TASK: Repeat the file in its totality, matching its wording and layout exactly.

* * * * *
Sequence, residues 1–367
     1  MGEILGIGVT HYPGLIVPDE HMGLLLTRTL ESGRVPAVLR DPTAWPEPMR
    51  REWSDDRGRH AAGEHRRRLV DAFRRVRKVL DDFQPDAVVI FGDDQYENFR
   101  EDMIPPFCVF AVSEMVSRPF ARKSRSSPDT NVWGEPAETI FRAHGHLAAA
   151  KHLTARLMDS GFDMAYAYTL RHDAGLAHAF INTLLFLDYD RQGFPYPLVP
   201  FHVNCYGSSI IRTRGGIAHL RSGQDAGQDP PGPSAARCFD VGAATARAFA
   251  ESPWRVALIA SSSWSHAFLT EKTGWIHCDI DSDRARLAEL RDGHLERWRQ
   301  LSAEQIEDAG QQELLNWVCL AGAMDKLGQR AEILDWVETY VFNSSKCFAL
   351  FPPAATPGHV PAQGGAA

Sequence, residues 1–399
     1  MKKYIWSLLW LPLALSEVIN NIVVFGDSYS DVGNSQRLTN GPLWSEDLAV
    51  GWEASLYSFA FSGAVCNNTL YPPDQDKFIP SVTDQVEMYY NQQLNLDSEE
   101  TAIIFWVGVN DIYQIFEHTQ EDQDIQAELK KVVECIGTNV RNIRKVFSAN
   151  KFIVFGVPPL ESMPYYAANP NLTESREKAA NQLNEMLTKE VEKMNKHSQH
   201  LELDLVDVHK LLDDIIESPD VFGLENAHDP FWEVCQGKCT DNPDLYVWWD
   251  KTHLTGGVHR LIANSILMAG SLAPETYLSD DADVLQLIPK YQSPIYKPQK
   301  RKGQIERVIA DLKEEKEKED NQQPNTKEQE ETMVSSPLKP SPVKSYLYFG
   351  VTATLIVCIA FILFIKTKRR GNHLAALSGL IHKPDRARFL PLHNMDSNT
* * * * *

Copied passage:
Sequence, residues 1–367
     1  MGEILGIGVT HYPGLIVPDE HMGLLLTRTL ESGRVPAVLR DPTAWPEPMR
    51  REWSDDRGRH AAGEHRRRLV DAFRRVRKVL DDFQPDAVVI FGDDQYENFR
   101  EDMIPPFCVF AVSEMVSRPF ARKSRSSPDT NVWGEPAETI FRAHGHLAAA
   151  KHLTARLMDS GFDMAYAYTL RHDAGLAHAF INTLLFLDYD RQGFPYPLVP
   201  FHVNCYGSSI IRTRGGIAHL RSGQDAGQDP PGPSAARCFD VGAATARAFA
   251  ESPWRVALIA SSSWSHAFLT EKTGWIHCDI DSDRARLAEL RDGHLERWRQ
   301  LSAEQIEDAG QQELLNWVCL AGAMDKLGQR AEILDWVETY VFNSSKCFAL
   351  FPPAATPGHV PAQGGAA

Sequence, residues 1–399
     1  MKKYIWSLLW LPLALSEVIN NIVVFGDSYS DVGNSQRLTN GPLWSEDLAV
    51  GWEASLYSFA FSGAVCNNTL YPPDQDKFIP SVTDQVEMYY NQQLNLDSEE
   101  TAIIFWVGVN DIYQIFEHTQ EDQDIQAELK KVVECIGTNV RNIRKVFSAN
   151  KFIVFGVPPL ESMPYYAANP NLTESREKAA NQLNEMLTKE VEKMNKHSQH
   201  LELDLVDVHK LLDDIIESPD VFGLENAHDP FWEVCQGKCT DNPDLYVWWD
   251  KTHLTGGVHR LIANSILMAG SLAPETYLSD DADVLQLIPK YQSPIYKPQK
   301  RKGQIERVIA DLKEEKEKED NQQPNTKEQE ETMVSSPLKP SPVKSYLYFG
   351  VTATLIVCIA FILFIKTKRR GNHLAALSGL IHKPDRARFL PLHNMDSNT